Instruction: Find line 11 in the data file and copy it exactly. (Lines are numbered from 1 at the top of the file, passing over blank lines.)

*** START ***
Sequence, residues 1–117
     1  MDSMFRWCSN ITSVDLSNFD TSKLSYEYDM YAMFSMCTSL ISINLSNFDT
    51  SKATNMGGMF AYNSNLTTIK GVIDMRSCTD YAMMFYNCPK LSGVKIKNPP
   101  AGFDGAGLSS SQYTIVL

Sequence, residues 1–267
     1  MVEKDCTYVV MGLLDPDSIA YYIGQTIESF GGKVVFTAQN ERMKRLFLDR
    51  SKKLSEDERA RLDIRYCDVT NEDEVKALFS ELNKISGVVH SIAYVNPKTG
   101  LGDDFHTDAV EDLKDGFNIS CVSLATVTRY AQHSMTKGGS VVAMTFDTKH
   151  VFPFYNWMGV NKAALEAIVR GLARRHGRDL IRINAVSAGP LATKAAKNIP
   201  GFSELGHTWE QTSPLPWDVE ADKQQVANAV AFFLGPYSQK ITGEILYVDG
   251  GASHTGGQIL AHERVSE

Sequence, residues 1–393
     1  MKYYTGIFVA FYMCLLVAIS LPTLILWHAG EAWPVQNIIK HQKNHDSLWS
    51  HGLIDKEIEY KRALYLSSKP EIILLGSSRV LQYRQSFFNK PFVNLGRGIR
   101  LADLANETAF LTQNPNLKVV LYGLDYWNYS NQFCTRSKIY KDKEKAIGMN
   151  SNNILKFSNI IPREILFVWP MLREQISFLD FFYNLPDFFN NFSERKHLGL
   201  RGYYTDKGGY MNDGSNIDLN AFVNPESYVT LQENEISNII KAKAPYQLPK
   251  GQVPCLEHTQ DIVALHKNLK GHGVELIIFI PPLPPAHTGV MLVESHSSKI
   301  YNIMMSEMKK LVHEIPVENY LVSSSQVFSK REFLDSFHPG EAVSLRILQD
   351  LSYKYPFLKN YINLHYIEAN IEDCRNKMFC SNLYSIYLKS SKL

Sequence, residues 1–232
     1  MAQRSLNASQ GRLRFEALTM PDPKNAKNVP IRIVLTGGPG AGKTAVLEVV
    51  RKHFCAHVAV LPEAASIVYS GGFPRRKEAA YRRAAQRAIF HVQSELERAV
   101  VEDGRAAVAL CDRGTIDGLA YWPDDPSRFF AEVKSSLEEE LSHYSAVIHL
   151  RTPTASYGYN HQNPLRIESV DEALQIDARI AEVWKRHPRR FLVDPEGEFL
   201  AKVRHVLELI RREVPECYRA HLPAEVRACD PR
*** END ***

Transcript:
   251  GASHTGGQIL AHERVSE